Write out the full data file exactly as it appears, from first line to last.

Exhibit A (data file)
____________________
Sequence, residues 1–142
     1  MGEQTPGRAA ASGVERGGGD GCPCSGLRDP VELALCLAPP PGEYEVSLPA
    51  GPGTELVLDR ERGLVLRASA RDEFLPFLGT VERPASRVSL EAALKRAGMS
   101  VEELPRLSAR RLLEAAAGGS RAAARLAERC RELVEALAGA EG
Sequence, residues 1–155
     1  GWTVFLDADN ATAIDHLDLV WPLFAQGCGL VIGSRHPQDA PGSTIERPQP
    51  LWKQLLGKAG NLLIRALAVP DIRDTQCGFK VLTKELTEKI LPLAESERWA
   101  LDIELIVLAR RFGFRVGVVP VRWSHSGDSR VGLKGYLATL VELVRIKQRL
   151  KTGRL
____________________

Sequence, residues 1–142
     1  MGEQTPGRAA ASGVERGGGD GCPCSGLRDP VELALCLAPP PGEYEVSLPA
    51  GPGTELVLDR ERGLVLRASA RDEFLPFLGT VERPASRVSL EAALKRAGMS
   101  VEELPRLSAR RLLEAAAGGS RAAARLAERC RELVEALAGA EG
Sequence, residues 1–155
     1  GWTVFLDADN ATAIDHLDLV WPLFAQGCGL VIGSRHPQDA PGSTIERPQP
    51  LWKQLLGKAG NLLIRALAVP DIRDTQCGFK VLTKELTEKI LPLAESERWA
   101  LDIELIVLAR RFGFRVGVVP VRWSHSGDSR VGLKGYLATL VELVRIKQRL
   151  KTGRL